Rock Steady guides the reader through a change in attitude towards chronic tinnitus or imbalance. The premise is that changes in the human body are an inevitable part of life, through trauma, ageing and illness. These changes can produce sensations that are unpleasant or intrusive. The book takes a fresh approach to rehabilitation, promoting the ability of the brain to adapt around altered inputs (as opposed to seeking to alter the inputs themselves).
Rock Steady is ideal for patients who find themselves caught up in a quest for answers or feel frustrated that their medical pathway has ended without a cure. It is equally of interest to clinicians who want to offer their patients a route forward beyond simply coping with their symptoms. Even people who are well versed in the psychological aspects of chronic illness will gain some insight from the many case studies.
The language is feel-good, empowering and uses some handy catchphrases, which will hit the nail on the head if you identify with them. I usually tell people to watch Joey on YouTube to see if they connect with her terminology before buying the book.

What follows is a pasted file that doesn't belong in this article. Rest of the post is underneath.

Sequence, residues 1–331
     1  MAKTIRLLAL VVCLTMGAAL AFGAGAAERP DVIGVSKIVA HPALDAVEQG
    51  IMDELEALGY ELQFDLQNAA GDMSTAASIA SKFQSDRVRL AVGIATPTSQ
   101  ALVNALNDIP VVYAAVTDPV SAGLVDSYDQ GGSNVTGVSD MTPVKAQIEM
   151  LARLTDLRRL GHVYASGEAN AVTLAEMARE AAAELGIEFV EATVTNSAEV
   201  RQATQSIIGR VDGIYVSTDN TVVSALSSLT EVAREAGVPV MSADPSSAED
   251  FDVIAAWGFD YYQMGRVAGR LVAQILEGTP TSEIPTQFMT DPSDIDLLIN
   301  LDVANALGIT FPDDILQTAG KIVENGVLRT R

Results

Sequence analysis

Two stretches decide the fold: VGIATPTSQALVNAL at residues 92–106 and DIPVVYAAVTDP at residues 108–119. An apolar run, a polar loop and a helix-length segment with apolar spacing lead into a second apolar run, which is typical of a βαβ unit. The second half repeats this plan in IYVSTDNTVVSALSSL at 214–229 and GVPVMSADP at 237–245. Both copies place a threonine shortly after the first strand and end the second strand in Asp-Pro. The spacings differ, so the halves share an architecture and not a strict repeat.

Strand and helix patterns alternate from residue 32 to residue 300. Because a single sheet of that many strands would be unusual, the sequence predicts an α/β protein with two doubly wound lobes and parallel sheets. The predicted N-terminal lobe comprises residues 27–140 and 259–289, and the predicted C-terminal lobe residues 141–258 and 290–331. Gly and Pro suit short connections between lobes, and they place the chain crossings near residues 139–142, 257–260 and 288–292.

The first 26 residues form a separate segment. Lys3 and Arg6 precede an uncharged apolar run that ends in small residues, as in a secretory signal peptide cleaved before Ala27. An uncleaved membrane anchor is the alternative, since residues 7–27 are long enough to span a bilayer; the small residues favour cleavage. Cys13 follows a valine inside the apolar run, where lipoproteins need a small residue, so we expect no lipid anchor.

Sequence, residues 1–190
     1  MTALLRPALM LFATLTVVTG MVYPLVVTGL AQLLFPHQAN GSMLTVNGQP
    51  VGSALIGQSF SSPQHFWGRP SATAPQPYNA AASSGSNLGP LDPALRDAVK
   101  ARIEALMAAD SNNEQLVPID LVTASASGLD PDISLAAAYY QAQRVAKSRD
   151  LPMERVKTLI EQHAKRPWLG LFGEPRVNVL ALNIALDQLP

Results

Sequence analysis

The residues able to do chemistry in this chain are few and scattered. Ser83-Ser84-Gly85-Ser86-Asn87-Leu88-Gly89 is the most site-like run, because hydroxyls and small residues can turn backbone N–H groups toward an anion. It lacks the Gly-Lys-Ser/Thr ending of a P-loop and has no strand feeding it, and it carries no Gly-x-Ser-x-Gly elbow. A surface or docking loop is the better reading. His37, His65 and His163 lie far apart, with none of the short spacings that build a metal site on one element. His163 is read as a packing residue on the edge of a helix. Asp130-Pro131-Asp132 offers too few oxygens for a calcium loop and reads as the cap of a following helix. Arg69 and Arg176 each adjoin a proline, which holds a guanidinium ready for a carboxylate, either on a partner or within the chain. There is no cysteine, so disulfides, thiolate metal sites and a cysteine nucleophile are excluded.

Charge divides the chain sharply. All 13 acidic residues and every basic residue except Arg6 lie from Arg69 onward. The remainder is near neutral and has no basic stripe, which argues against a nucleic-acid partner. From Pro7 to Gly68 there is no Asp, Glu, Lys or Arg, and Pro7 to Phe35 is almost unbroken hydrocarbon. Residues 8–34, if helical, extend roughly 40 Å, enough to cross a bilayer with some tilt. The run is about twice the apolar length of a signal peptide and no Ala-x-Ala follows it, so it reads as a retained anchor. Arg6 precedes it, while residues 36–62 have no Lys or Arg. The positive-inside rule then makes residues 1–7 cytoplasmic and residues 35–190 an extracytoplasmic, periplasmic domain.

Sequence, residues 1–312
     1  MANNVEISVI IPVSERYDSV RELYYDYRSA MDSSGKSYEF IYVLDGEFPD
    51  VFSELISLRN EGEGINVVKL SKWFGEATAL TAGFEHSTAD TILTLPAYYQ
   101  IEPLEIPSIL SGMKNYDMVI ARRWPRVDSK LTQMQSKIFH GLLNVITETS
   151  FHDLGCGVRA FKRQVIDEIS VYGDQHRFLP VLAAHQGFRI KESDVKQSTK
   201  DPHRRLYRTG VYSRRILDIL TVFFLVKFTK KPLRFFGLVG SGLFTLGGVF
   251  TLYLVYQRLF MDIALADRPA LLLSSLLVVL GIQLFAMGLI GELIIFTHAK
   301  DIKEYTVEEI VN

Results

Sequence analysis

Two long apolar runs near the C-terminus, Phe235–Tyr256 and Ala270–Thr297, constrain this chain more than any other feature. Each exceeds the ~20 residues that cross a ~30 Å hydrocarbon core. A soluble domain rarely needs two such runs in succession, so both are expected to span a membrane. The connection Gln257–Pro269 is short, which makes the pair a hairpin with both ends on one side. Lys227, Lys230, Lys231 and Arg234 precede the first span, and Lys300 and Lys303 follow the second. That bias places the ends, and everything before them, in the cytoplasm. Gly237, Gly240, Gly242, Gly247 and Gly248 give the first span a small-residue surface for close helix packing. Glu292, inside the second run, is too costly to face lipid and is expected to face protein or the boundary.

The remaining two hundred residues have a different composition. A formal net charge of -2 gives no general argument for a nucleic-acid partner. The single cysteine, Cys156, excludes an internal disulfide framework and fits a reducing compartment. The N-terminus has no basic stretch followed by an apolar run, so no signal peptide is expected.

I recommend Rock Steady to certain patient groups; I have in mind that the detail and repetition makes it well suited to patients who ask lots of questions. Also, the methods recommended require trust and perseverance, so they need to have strong feelings about their symptoms and be ready to commit to taking a new approach.
Fortunately, Rock Steady is priced for the self-help market rather than as a medical textbook, and is also available as an audiobook. For patients who respond well to it, it offers such excellent value, I would happily offer it on prescription.